Friday, November 19, 2010

2011 Sonata Info

2011 Hyundai sonata GLS Tops popular Competitors, including premium brands, in alg residual value index

FOUNTAIN VALLEY, Calif., (Feb. 8, 2010) Hyundai’s completely redesigned 2011 Sonata that delivers best-in-class fuel economy and 200 horsepower is setting the standard for residual values as well. Right out of the box, the Hyundai Sonata GLS with automatic transmission received an impressive 36-month residual value of 54 percent of manufacturer’s suggested retail price (MSRP) from Automotive Lease Guide (ALG), the industry benchmark for residual values and a leading provider of data and consulting services to the automotive industry. The residual value topped popular competitive 2010 models from Toyota, Nissan, Ford, and Chevrolet, in addition to premium brands such as Lexus, BMW and Mercedes.

This represents the lowest depreciation in the midsize car segment. The 2011 Sonata even outperforms Honda, depreciating $640 over a three-year period less than a comparably-equipped 2010 model year Accord. Strong residuals add to Sonata’s value equation, indicating higher trade-in value for buyers and lower monthly payment for lessees.

The new 2011 Sonata, built at Hyundai Motor Manufacturing Alabama, has attributes which set a new standard in the midsize car category, such as a best-in-class 35 mpg highway fuel economy rating thanks to a new 2.4-liter Gasoline Direct Injection (GDI) four-cylinder engine, new six-speed manual and automatic transmissions and highly refined aerodynamics. A well-equipped 2.4-liter GDI I4 GLS model, offering 198 horsepower and six-speed manual transmission begins at $19,195. A fully-equipped Sonata Limited with a navigation package and six-speed automatic transmission is $27,395.

The 2011 Sonata represents a modern approach to the traditional midsize sedan segment using advanced four-cylinder engines, emotional design and luxury features, all combined with Hyundai’s strong value proposition. Sonata brings advancements like HD Radio Technology™ with Multicasting and standard Bluetooth connectivity to the segment for the first time ever.

“Hyundai’s model lineup continues to evolve and the completely redesigned 2011 Sonata punctuates the tremendous evolution in Hyundai performance, design, safety and quality,” said Troy Saito, manager of pricing management, Hyundai Motor America. “Strong residual value has become another element in Hyundai’s overall value equation, reducing the overall cost of ownership and allowing us to offer strong lease options to our customers."


FOUNTAIN VALLEY, Calif., Feb. 18, 2010Today, the all-new 2011 Hyundai Sonata joins an elite group of motor vehicles as a “Top Safety Pick” of the Insurance Institute for Highway Safety (IIHS).

This award is only given to those vehicles that do a superior job protecting people in front, side, rear and rollover crashes. A car’s ability to handle itself in these crashes is determined by how many “GOOD” ratings it receives in each of the IIHS tests. Additionally, the vehicle must have electronic stability control readily available as an option.

Sonata is built from the ground up with safety in mind, with a hot stamped ultra-high-strength steel body structure, advanced airbag technology and Electronic Stability Control (ESC), delivering on Hyundai’s commitment to both active and passive safety technology leadership. In 2005, the Sonata was the first popular midsize sedan to standardize ESC-- once again every 2011 Sonata has lifesaving ESC as standard equipment. This is important because the National Highway Traffic Safety Administration (NHTSA) has reported that ESC results in 35 percent fewer single-vehicle crashes and 30 percent fewer single-vehicle fatalities in passenger cars.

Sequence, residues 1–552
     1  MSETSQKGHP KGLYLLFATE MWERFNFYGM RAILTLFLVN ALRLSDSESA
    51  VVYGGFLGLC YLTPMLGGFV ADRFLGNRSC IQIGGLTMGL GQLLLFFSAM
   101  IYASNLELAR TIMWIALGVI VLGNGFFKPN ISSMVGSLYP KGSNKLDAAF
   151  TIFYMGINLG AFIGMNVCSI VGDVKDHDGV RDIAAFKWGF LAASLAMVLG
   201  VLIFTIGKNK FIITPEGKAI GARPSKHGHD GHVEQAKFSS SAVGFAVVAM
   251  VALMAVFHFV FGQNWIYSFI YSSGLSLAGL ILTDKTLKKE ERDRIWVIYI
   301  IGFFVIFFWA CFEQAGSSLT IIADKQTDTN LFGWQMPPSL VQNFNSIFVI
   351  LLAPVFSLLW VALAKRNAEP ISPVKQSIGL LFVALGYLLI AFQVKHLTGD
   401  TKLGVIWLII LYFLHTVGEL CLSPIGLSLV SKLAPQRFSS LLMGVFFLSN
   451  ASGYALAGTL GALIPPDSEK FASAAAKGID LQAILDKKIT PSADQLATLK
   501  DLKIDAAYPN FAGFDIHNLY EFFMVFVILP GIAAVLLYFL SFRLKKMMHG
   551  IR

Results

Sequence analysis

The Sonata also features a state-of-the-art Anti-Lock Braking System (ABS) including Brake Assist and Electronic Brake-force Distribution (EBD). Sonata features six airbags—including dual front, front seat-mounted side-impact, and front and rear side curtain airbags—along with active front-seat head restraints.

While past Hyundai models, such as the Genesis, have been named IIHS “Top Safety Picks,” the standards are higher than ever for 2010, with a roof strength test added to the qualifications. According to the new guidelines, roofs must be more than double the strength of current federal requirements in order to better maintain vehicle integrity in the event of a rollover accident.

Because this roof strength test is so demanding, many of the vehicles that had previously been named “Top Safety Picks” were dropped from the list in 2010. From the 2011 Sonata’s inception, Hyundai engineers carefully considered the importance of roof strength and designed the newest edition to pass this high hurdle set by the IIHS.

The other IIHS “Top Safety Pick” standards are stringent as well — the institute's frontal crashworthiness evaluations are based on results of 40 mph frontal offset crash tests. Each vehicle's overall evaluation is based on measurements of intrusion into the occupant compartment, injury measures recorded on a dummy representing a 50th percentile male in the driver seat, and analysis of slow-motion film to assess how well the restraint system controlled dummy movement during the test.

Side evaluations are based on performance in a crash test in which the side of a vehicle is struck by a barrier moving at 31 mph. The barrier represents the front end of a pickup or SUV. Ratings reflect injury measures recorded on two instrumented dummies representing an average-sized woman, assessment of head protection countermeasures, and the vehicle's structural performance during the impact.


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